Recent Book Reviews

Below is a sampling of children’s books reviewed at this blog in 2010.

The links take you to the full review.

Amazing-faces Amazing Faces compiled by Lee Bennett Hopkins will make you smile. It also will make you frown, sigh, and laugh out loud. This book of poetry is sure to evoke a range of emotions that are shared by all people, a range reflected in the diversity of radiant faces beautifully illustrated by Chris Soentpiet.
bugs-and-bugsicles Bugs and Bugsicles: Insects in the Winter is such a great title, you just know that children are going to want to pick it up to see what it “bugsicles” are. The topic is appealing, too. Who hasn’t at one point or another wondered where do insects go in the winter? The answers are here in stories filled with interesting facts.
wild-alphabet Wild Alphabet by Dan Green, with design by Mike Haines and paper folding by Julia Frohlich, is a pop-up book of cool animals and fun information that is sure to be “pop”-ular as a gift book.
Ants-stewart Ants by Melissa Stewart is part of the National Geographic Readers series.
hive-detectives The Hive Detectives: Chronicle of a Honey Bee Catastrophe is a new book in the fabulous Scientists in the Field series, by Lorre Griffin Burns, with photographs by Ellen Harasimowicz.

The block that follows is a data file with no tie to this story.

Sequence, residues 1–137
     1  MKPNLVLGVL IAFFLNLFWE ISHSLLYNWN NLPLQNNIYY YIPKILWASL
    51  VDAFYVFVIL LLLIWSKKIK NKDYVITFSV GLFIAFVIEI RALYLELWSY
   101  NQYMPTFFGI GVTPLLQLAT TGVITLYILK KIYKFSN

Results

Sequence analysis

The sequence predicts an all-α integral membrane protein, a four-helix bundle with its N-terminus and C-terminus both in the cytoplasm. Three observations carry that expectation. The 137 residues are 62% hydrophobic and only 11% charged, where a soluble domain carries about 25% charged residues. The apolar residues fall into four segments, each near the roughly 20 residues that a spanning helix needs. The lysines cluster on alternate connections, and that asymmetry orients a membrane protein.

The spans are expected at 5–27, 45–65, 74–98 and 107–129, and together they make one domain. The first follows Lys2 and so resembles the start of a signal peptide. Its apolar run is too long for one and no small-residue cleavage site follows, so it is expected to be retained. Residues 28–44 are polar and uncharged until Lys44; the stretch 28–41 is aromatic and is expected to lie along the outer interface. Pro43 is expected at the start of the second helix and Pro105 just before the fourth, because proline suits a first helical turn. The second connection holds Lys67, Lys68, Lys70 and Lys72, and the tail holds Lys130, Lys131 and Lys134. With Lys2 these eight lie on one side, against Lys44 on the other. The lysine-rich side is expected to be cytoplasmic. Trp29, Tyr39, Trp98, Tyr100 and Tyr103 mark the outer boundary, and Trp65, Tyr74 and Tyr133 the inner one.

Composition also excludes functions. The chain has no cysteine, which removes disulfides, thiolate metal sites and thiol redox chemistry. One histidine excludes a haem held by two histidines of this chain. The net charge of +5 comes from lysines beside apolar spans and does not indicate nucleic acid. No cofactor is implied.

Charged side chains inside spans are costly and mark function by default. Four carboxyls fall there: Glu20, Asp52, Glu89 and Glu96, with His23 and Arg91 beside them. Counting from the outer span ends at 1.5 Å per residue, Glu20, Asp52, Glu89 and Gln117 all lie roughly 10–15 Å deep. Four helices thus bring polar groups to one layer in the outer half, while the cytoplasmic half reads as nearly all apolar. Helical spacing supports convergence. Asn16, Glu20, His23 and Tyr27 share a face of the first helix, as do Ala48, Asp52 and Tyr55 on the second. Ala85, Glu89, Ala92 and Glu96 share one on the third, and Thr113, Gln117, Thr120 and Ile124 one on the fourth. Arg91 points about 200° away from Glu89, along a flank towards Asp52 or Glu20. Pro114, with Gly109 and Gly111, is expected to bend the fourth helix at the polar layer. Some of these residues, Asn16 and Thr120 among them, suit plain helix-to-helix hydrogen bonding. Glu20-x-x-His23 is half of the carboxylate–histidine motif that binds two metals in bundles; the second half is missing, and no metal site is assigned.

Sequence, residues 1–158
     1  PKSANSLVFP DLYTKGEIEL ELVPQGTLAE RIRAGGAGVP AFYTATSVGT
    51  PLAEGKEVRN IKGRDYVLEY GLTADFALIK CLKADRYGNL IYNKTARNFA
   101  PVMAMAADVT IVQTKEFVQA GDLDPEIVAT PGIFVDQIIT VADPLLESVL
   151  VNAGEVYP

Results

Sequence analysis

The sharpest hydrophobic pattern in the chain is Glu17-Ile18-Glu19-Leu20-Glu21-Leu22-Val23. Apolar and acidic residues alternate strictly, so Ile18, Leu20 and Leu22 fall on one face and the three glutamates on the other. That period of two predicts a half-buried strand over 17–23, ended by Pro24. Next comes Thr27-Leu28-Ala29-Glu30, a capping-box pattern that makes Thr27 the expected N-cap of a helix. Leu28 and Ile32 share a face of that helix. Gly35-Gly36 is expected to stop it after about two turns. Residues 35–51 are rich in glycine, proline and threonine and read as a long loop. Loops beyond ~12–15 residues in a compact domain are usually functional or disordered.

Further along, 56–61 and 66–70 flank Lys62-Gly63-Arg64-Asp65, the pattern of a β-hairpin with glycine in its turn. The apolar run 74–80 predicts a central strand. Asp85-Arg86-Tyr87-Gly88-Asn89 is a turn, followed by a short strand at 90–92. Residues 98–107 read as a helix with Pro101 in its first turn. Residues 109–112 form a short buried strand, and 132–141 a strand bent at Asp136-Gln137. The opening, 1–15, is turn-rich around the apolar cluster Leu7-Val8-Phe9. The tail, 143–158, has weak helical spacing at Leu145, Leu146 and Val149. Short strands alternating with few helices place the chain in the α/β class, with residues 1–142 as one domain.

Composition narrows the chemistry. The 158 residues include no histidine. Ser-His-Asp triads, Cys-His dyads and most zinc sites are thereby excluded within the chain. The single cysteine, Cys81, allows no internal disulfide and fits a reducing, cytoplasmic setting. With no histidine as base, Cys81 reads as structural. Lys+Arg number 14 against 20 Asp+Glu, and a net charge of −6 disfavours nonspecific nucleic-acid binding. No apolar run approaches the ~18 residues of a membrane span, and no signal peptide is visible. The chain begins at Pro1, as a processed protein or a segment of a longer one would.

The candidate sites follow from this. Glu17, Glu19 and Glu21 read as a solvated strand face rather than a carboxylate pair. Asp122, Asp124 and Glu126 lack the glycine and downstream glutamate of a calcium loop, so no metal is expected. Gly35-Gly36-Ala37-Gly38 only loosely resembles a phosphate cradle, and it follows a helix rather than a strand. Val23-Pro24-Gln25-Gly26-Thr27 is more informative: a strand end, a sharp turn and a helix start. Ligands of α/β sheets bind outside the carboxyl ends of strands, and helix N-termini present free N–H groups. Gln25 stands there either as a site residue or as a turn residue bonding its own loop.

field-guide-to-Insects Hold onto your hats, you are about to enter the cloud forests of Central America. You will be traveling with scientist and adventurer Randall Barnes. Hope you brought your insect net, because you are going to be  hunting eight exotic and beautiful insects. You need to bring back specimens for an exhibit at the museum, so keep a sharp lookout. That’s the exciting feel of The Field Guide to Insects: Explore the Cloud Forests by Paul Beck.
Can-an-old-dog Kudos once again to Buffy Silverman for her new book Can Old Dog Learn New Tricks? And Other Questions About Animals (illustrated by Colin W. Thompson).
Little-black-ant Little Black Ant on Park Street by Janet Halfmann and illustrated by Kathleen Rietz, is the newest installment in the Smithsonian’s Backyard series published by Soundprint.
life-size-zoo Life-Size Zoo: From Tiny Rodents to Gigantic Elephants, An Actual Size Animal Encyclopedia by Teruyuki Komiya (Creator), Kristin Earhart (Editor), and Toyofumi Fukuda (Photographer) was a Cybils finalist in the 2009 Nonfiction Picture book category and has won the Parents’ Choice Gold Award.
animal tongues Animal Tongues by Dawn Cusick is one of those fun nonfiction books that almost jump off the shelf at you. After all, on the cover is a giraffe sticking its very long tongue out. What child can pass that up?
chemistry-basher Chemistry: Getting a Big Reaction! by Dan Green and Simon Basher is not written like a textbook. It is organized more like a reference book, such as a dictionary or an encyclopedia. The different terms/concepts are developed as characters.
Punctuation-simon-basher Although Punctuation: The Write Stuff is written by Mary Budzik, it is definitely part of illustrator and designer Simon Basher’s unique series of books. Basher books are edgy, with a sting of humor and a mountain of creativity, and this book is no exception.
Seeds-of-Change Seeds of Change:  Planting a Path to Peace by Jen Cullerton and illustrated by Sonia Lynn Sadler is about the life of Wangari Maathai, a woman whose story is both uplifting and complex.